Making the transition to a green energy economy is not an easy task. Venture capitalists like those at the Midwest Alternative Energy Venture Forum have been dipping their toes ever deeper into the water over the past few years, but the $7.7 billion American venture capitalists invested in green energy companies in 2008 is merely a small step. Fortunately the stimulus package has given the green energy economy a huge shot in the arm. Matt Rogers, senior advisor to the Secretary of Energy and the man in charge of disbursing the Department of Energy’s stimulus money, detailed how his “green stimulus checkbook” could help drive the expansion of the alternative energy sector in his keynote at the MAEVF.
Rogers is responsible for moving the $36.7 billion of stimulus funds out the Department of Energy’s door as quickly as possible. “This is the DOE’s chance to create jobs,” Rogers said in his speech, “something many people didn’t think the DOE could do.”
The billions at his disposal are helping to change that perception. Rogers said his team of 250 full-time reviewers have awarded $18.3 billion in grants so far, on pace to meet their target of disbursing all $36.7 billion by President Obama’s September 30, 2010 deadline. The bulk of the department’s money is being invested in infrastructure and new technologies.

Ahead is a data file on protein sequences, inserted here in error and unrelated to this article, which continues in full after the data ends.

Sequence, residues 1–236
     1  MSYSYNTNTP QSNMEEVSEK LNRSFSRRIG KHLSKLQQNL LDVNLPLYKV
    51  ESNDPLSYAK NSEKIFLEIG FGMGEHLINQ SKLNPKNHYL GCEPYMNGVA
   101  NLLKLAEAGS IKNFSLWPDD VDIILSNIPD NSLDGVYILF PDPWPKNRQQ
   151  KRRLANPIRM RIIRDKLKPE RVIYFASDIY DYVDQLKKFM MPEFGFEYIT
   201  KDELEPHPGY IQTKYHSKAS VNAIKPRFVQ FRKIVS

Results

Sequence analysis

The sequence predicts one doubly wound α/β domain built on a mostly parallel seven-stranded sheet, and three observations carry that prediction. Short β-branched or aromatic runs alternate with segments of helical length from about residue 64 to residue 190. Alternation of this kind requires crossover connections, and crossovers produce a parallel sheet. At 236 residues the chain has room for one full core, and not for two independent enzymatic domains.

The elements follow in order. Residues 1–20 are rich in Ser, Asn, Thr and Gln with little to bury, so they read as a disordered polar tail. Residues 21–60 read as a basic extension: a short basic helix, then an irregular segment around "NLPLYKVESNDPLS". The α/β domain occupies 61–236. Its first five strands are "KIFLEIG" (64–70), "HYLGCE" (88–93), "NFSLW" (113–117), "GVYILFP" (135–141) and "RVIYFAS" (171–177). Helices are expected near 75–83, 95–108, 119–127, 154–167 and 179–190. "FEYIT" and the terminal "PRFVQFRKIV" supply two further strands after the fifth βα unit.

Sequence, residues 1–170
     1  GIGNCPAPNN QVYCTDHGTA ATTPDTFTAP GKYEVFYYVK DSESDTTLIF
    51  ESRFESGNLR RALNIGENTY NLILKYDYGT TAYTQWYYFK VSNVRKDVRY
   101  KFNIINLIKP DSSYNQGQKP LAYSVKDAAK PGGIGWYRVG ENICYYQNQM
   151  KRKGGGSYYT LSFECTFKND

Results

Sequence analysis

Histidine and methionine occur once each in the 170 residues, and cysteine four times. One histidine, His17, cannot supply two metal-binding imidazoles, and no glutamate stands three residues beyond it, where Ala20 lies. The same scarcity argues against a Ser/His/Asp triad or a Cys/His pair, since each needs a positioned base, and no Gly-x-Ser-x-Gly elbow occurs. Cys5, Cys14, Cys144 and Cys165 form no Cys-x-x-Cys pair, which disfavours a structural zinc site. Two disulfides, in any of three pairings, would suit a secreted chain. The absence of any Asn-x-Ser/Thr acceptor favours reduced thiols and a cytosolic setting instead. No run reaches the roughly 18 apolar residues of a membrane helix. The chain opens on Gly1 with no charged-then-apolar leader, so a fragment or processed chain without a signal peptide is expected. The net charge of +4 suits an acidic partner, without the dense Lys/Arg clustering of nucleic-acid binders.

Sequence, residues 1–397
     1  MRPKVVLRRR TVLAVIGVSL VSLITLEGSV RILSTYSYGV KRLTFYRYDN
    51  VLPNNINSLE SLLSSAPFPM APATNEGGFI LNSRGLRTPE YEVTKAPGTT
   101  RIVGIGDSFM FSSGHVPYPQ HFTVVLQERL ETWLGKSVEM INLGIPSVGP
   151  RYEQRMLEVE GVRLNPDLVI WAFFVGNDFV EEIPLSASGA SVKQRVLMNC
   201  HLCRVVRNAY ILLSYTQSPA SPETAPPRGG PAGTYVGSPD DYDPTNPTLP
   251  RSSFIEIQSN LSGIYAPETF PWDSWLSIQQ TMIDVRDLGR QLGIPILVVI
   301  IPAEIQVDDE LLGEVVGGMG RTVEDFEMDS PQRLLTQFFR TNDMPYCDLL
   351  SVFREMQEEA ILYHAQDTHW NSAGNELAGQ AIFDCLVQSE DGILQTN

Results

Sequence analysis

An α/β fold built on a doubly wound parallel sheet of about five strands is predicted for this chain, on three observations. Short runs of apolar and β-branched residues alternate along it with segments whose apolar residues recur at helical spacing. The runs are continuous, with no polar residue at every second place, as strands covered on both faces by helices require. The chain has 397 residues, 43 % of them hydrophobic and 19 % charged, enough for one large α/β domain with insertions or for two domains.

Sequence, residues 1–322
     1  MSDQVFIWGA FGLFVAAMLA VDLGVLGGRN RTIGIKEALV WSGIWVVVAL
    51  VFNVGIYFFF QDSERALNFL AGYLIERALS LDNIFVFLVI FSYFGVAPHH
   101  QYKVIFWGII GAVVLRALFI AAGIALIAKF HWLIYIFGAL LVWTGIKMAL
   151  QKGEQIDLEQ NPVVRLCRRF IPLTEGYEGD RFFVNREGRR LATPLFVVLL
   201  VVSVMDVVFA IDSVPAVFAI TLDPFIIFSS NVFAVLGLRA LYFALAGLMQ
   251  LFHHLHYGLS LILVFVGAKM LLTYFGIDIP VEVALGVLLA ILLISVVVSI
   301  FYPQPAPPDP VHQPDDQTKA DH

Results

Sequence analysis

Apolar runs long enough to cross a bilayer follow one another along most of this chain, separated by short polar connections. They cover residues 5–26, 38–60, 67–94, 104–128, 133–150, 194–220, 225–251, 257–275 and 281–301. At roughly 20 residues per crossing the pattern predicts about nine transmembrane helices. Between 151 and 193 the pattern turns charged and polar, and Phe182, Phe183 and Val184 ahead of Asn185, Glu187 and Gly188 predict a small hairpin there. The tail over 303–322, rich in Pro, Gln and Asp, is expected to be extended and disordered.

Energy efficiency projects like winter weatherization and appliance rebates are receiving the lion’s share of the funding—$10.6 billion in total. Such programs are key to cutting energy use, but do not really advance the state of the art. For that, Rogers said, the department has set aside money for such programs like the Advanced Research Projects Agency-Energy competition (known as ARPA-E) and the Energy Frontier Research Centers, including two at Northwestern. ARPA-E could be the most telegenic of the department’s line items. Modeled on the defense department’s DARPA program that has produced such crowd-pleasers as robot car races and the Internet, ARPA-E hopes to unearth one or more risky but promising proposals that could change the way we generate electricity.
Rogers appeared clearly aware of the challenges the government and private sector face in the green energy transition, including growing competition from competitors abroad. Asked what he thought of China’s efforts in the area, Rogers said, “They get it about climate change, and they’re taking action faster than we think.”
“They think about this as a global competition, and they intend to win,” Rogers said. But the race won’t be won with only a few years of stimulus funds. “We need long term market incentives to drive innovation over the next two decades, not the next two years.”